Approximately 15% of homes listed for sale in the Naples area are either foreclosures or short sales (short sales are when the value of the property is less than the mortgage amount owed to the lender). Foreclosed properties exist throughout the Naples area, but are concentrated mostly in workforce communities such as Golden Gate City and Golden Gates Estates, which account for one-third of the foreclosures.
Foreclosures in desirable second-home communities appear sporadically, and if priced at foreclosed values, can turn out to be a really good buy. They do not last long.
Foreclosures are Sold “As-Is”
If you are thinking of a second-home purchase, and want to focus on foreclosures in a desirable Naples second-home community, then your choices will be few and you better bring along your hammer, nails, paintbrush, and work crews. Appliances have usually been stripped out by the foreclosed owner, along with any fixtures of value.
Foreclosures are usually in disrepair, they are owned by the “bank.” “Mr. Bank” has never stepped in the property or looked at it. All the bank knows is that they are stuck with it. The properties are sold in “AS-IS” condition, meaning repairs that would typically be the responsibility of the seller will not be made. The buyer is accepting the property in its as-is condition. The buyer still has the right to inspect the property, and can cancel the agreement within a certain time frame if the extent of discovered repairs are over and above what was anticipated.
If you have the time and sweat equity to bring a foreclosure back to good order, then purchasing a foreclosure could be a very good value. In some cases a foreclosed property can be in very good condition, particularly recently built properties purchased by investors at peak pricing.
A short sale is when the home’s value is less than the mortgage amount due a lender and the lender has agreed to accept less for payoff of the existing loan amount. The lender is not involved with picking the listing agent, setting the list price, paying expenses or anything else; but the lender must approve the sale, that is the extent of their involvement. Industry experts estimate that only 15% of short sales actually sell, the rest end up in foreclosure.
With short sales the seller does not care what the property is listed at, because at closing they get nothing back. Let’s say, for example, a property’s value is $400,000, the seller and agent could list it for $400,000, $300,000 or $200,000.
If, for example, it is listed at $200,000 and an offer comes in for $200,000 it is then sent to the lender for their approval. Before the lender responds (accepts or rejects the offer), the lender will order two appraisals of the property. If the property appraises at $400,000, then the lender will only accept an offer in the $400,000 price neighborhood. This process usually takes four to six weeks, and during that time the agent will continue to submit other offers that come in on the property.
So in this example a buyer puts an offer in at $200,000, the full list price, hoping to purchase, and then finds out four to six weeks later that the lender wants $400,000. In the meantime, several other properties the buyer had interest in, in the $200,000 price range, have been sold and are no longer available and the buyer has had their deposit tied up in escrow.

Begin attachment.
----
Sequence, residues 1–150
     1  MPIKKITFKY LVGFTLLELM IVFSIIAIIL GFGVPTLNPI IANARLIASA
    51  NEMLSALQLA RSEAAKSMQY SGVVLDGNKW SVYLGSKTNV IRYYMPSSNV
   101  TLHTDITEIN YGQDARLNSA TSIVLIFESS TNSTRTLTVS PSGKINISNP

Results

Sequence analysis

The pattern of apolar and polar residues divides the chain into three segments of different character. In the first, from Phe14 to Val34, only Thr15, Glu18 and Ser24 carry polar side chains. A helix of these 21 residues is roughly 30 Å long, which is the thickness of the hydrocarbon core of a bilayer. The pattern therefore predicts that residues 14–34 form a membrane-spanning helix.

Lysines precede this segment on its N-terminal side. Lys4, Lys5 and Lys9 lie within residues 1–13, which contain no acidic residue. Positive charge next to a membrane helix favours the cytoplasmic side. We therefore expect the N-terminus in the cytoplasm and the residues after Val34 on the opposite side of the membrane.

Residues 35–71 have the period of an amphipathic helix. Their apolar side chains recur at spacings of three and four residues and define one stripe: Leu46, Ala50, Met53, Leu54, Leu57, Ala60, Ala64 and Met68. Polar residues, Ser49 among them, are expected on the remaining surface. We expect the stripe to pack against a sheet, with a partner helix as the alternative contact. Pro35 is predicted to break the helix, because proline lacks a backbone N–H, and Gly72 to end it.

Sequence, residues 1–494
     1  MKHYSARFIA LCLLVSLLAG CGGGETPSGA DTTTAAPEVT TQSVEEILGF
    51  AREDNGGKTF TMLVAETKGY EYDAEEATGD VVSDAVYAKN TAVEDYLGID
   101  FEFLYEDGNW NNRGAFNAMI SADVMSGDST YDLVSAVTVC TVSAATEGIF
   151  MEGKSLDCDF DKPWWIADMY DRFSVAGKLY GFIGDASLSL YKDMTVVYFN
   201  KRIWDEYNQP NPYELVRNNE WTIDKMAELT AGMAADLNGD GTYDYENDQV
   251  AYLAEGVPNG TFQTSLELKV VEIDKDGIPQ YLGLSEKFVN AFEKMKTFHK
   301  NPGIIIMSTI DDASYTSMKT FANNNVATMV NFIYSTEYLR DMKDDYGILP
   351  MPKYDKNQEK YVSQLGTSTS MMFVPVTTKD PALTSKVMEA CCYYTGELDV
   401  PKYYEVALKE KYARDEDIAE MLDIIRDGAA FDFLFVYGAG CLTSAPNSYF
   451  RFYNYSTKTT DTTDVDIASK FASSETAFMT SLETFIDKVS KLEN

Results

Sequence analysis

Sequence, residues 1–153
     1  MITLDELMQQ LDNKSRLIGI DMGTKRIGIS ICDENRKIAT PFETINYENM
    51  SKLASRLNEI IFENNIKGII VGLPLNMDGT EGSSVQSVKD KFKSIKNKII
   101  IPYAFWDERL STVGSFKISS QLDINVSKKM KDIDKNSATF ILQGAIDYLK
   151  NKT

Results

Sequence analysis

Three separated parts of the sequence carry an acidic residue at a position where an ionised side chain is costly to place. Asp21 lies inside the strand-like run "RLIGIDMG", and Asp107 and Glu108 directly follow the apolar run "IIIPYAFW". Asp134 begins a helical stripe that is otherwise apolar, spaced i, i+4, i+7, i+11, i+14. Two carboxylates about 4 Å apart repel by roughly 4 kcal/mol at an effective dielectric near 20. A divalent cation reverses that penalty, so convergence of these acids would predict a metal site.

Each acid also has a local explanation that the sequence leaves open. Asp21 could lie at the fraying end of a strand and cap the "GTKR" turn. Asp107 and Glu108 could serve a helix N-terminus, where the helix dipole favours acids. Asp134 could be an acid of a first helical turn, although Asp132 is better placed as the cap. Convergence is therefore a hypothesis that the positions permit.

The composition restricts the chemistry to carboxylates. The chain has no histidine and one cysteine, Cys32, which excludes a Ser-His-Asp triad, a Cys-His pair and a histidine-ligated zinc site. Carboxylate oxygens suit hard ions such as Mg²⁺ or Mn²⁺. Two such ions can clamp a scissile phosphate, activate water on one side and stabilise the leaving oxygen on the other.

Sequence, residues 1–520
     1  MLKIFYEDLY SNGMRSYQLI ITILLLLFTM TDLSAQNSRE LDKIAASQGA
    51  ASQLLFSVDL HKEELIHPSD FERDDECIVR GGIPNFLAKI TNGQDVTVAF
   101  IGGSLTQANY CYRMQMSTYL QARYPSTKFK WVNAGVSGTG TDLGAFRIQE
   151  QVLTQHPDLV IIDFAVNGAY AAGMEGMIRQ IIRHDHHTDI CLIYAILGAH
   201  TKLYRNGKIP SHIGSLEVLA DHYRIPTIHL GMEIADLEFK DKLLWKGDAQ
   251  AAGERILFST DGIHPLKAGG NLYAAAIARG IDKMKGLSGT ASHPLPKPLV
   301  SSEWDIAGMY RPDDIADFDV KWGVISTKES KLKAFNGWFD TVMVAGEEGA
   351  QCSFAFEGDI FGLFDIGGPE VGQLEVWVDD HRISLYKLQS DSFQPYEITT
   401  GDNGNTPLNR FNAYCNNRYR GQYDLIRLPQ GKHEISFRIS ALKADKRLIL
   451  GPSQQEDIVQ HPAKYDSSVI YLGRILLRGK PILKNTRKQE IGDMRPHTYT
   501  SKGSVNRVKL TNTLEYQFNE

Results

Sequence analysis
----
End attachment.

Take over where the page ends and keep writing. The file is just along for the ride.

The exception is when the short sale is listed at a bank pre-approved price. In other words, the four- to six-week process has already occurred with a previous offer that was turned down, so the bank then knows what it is willing to accept. If a buyer submits an offer less than the bank approved list price, then there is usually a lengthy wait for any type of response – which usually will be NO.
With a short sale, neither the seller or the listing agent cares what the property sells for, just that it sells. If it sells in a short sale then the seller avoids foreclosure, and does not get their credit score dinged. If it forecloses, then the bank picks its own listing agent to get it sold, and the original seller’s listing agent get no compensation for their efforts.
Foreclosure vs. Short Sale
|Who owns the property||Bank||Seller|
|Who selects the agent||Bank||Seller|
|Who selects the list price||Bank||Agent/Seller|
|Who maintains the property||Bank||Seller or Nobody|
|Who is paying utilities||Bank||Seller or Nobody|
|Who pays back fees & taxes||Bank||Buyer|
|Response time||Quick||Delayed or Never|
|Likelihood of selling||High||Low|
If a buyer is not willing to wait at least four weeks to hear back on an offer, then there is no sense in submitting an offer on a short sale. Once again, the bank does not own the property, but must approve the offer that gives them less than what is owed.
This concept is difficult to understand for most buyers. Because it does not fit the procedure that most buyers are accustomed to. That is, an offer is submitted to the seller who had set the list price, as an indication of what they would accept for a sale. And good-faith negotiations occur based on that list price.
With a short sale, the list price is meaningless, as the list price on a short sale has not been set by the party that must approve the offer – the lender. So an offer needs to be submitted based on a reasonable assessment of the property’s true value, regardless of the list price.
I am available to represent you as my buyer client to locate “pre-approved price” on short sale (which are few and far between) and/or foreclosures that are in good condition (which are usually snapped up by other buyers & their agents within a week or two from hitting the market).
Please call me at 239-776-5077 to discuss what services I offer to my buyer clients who are only interested in Short Sale or Foreclosed properties.